RAC head of roads policy Nicholas Lyes said: “We might so far be experiencing a milder but wetter winter than in the last couple of years, but our figures clearly show the problem of potholes has not gone away. Our patrols are still attending on average around one pothole-related breakdown every hour of the day.

“We anticipate the Government will pledge further funds to help cash-strapped councils mend potholes in the March Budget, but such pledges are only chipping away at the problem, and they’re unfortunately not addressing the root cause of why so much of the UK is still characterised by crumbling road surfaces.

“What we need is for central Government to think differently about how councils are funded to maintain the roads under their control. Short-term commitments of cash, while welcome, are not enough on their own – councils need the security of long-term funding so they can plan proper preventative road maintenance.

“A solution to the UK’s long-term pothole problem is possible. From this year, the money raised from vehicle excise duty in England will be ring-fenced to help fund motorways and major A-roads over successive five-year periods. But as yet, there is no similar model for local roads where the vast majority of drivers begin and end their journeys. We believe this could easily be changed by ring-fencing 2p a litre from existing fuel duty revenue to generate £4.7 billion of additional funding over five years.

“Pothole-free roads shouldn’t be a ‘nice to have’ in 2020, drivers should surely be able to expect the vast majority of roads they drive on to be of a good standard, especially given they pay around £40 billion in motoring-related tax every year.”

To report a pothole in your street or on your route to work, visit the RAC website.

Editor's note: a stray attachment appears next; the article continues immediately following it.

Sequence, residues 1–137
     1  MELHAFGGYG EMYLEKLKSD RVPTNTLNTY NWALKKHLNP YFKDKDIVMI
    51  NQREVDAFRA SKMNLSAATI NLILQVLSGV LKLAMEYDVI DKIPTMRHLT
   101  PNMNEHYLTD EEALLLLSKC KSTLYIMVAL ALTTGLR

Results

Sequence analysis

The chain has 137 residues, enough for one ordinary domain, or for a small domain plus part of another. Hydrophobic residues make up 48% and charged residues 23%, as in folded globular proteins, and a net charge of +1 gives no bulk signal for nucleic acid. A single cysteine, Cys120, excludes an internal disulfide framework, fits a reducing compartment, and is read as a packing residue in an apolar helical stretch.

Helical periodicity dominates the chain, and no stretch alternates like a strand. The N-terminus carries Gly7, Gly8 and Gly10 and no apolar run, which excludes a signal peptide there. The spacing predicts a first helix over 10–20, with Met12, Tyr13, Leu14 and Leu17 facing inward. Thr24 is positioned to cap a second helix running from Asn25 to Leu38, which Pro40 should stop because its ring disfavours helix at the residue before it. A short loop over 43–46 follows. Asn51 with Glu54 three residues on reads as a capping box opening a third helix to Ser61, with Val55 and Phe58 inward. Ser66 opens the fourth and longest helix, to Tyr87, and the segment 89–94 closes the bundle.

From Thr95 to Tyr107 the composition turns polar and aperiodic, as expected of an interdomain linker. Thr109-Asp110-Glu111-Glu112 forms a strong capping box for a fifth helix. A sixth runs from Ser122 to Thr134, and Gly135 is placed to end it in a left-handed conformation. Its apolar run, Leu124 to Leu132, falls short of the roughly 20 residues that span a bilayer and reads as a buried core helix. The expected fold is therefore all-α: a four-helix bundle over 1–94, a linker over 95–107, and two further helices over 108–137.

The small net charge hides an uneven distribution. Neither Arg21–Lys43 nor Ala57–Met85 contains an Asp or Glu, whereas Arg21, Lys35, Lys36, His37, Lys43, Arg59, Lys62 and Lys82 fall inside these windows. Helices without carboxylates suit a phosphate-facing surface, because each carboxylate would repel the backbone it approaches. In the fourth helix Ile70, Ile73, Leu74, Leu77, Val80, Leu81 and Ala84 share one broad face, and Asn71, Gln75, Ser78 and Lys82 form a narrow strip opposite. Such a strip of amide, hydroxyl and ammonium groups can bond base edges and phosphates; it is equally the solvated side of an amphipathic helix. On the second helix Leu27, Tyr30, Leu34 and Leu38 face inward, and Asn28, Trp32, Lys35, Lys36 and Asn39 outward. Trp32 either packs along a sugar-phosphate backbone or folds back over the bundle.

The condition of UK roads has reached ‘crisis point’

pothole uk

Nearly half of motorists who took part in a new poll believe the state of UK roads has reached a crisis point.

Forty-two percent of those surveyed agreed with the statement: ‘I think we have a crisis in the state of repair of roads in the UK’. This increases to 50 percent in the East of England, 49 percent in Scotland and 46 percent in the South West.

Few people believe the roads are acceptable, although motorists in London (32 percent), the West Midlands (34 percent) and Northern Ireland (37 percent) appear to be more satisfied than others. We suspect a few readers will be shaking their heads in disbelief.

The results of the Re-flow study coincide with ‘National Pothole Day’, which highlights the pothole epidemic facing the UK’s motorists on a daily basis.

In the West Midlands, 36 percent of the 2,092 respondents who took part in the survey believe that the state of the roads constitutes a national emergency. This is a view shared by motorists in the South East, Wales and North West.

‘More like firefighters’

Road workers fixing a pothole

Roads suffer during winter months, with rain and snow damaging the surface, often beyond repair. The heavy rainfall of the winter of 2019/20 has led to flooding and the emergence of new and often huge potholes. Proper investment is required, but Re-flow believes there’s more to it than simply money.

It is calling for a three-pronged approach, focused on the following:

  1. Utilising better project management methods
  2. Better scheduling of projects
  3. Improvements in construction methods